The End of Civil Nuclear Power?

The World Nuclear Industry Status Report 2018 published by Mycle Schneider in September presents a hard-hitting critique of the status of and prospects for nuclear power. 

There are currently 31 countries operating 413 reactors (excluding reactors on “Long-Term Outage”), 25 fewer than the 2002 peak of 438, and total installed capacity now stands at 363GW.  Capacity and production are dominated by the “Big 5” of the USA, France, China, Japan and South Korea who generate 70% of nuclear electricity in the world.

However, production only grew by 1% in 2017 and an 18% increase in Chinese nuclear production otherwise masks an ongoing decline. The nuclear share of the world’s power generation remained almost stable over the past five years, with 10.3 per cent in 2017, which markets a long-term declining trend from a historic peak of about 17.5 per cent in 1996.

15 countries have 50 reactors with a combined capacity of 48.5 GW under construction, the lowest numbers in a decade and comparing with a peak of 234 in 1979. Only four new reactors were commissioned in 2017 (3 in China and 1 in Pakistan).  The average reactor age is now 30 years with 77 units at age 41 or more.

An interesting territory to watch is India which has 5 reactors under construction as it wrestles with the challenges of supplying enough energy to power its economic growth as it heads to 5th place in global GDP in 2019 and second place in 2050.

While the nuclear industry makes a strong case for an essential role in the climate change challenge it is continuing to grapple with the long-standing challenges of construction and decommissioning costs and periods and public safety concerns from the legacy of Fukushima, Chernobyl, Three Mile Island and Windscale, the greatest challenge of late has come from competition from the striking cost reductions being achieved in solar and wind power.

The report quotes Lazard “levelized cost of energy” comparisons which US$112-143/MWh for nuclear power against US$30-60/MWh for onshore wind, US$43-48/MWh for solar PV, US$42-78/MWh for combined cycle gas and US$60-143/MWh for coal.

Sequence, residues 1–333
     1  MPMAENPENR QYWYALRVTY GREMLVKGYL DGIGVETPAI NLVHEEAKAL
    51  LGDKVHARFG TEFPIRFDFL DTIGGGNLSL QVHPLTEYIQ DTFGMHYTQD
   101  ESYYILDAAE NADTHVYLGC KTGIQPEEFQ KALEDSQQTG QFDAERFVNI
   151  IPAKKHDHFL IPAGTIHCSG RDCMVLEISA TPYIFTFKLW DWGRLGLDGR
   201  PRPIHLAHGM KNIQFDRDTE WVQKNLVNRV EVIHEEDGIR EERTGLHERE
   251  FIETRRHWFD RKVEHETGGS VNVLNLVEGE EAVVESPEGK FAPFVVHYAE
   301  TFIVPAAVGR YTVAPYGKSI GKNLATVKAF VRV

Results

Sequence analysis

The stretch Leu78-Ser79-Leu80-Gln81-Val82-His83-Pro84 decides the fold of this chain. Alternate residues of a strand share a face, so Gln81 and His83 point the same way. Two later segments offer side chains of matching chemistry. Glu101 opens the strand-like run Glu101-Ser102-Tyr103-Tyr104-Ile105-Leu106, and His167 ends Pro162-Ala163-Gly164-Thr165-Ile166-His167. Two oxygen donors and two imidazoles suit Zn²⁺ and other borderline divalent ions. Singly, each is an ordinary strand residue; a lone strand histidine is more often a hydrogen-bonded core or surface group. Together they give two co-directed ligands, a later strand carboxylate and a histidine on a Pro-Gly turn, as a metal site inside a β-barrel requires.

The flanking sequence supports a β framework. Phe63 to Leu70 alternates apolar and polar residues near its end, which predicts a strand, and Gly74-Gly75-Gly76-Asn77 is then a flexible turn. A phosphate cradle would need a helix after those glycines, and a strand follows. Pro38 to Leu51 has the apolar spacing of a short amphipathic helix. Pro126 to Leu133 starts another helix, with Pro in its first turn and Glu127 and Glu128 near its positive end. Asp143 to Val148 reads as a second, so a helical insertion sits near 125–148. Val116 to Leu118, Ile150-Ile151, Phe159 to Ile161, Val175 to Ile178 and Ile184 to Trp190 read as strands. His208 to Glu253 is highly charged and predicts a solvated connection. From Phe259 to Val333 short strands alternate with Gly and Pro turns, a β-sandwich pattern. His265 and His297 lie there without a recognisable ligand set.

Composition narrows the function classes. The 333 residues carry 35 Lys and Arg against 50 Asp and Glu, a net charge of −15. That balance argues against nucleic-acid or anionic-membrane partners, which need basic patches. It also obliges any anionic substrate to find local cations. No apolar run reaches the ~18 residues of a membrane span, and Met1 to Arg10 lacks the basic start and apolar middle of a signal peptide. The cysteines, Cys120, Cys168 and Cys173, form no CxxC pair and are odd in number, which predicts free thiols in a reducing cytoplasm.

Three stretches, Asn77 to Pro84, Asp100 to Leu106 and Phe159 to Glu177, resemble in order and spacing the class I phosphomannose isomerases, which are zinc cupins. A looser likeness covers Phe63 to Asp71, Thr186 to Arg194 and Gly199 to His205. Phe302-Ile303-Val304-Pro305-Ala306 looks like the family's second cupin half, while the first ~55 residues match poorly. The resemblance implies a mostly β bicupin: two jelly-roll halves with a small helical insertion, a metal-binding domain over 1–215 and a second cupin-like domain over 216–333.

It should, therefore, be no surprise that US$280 billion was invested in new renewables capacity commissioned in 2017 compared with US$16 billion in nuclear capacity and the report concludes: “there is every reason to believe that renewables will, in virtually all markets and systems, be the preferred option over nuclear power. Furthermore, renewables are now also the preferred source of power in most cases over fossil fuels.”

So, will nuclear power hang on?  This may depend on whether nuclear baseload capacity and energy mix/balance security arguments will out way “only cost matters” government policy decisions. The report raises the controversial issue of the magnitude of public provision for a shared civil and military strategic base in education, skills, research and key industrial and supply chain capabilities and specific reference is made to the crossover between small nuclear reactors for civil use and nuclear submarine systems. On the futuristic level, will commercially feasible fusion reactors emerge and change the dynamics?

From a supply chain point of view, the best bet in the next 5 years appears to be to focus attention on the life extension and decommissioning skills and capabilities which the industry is going to need.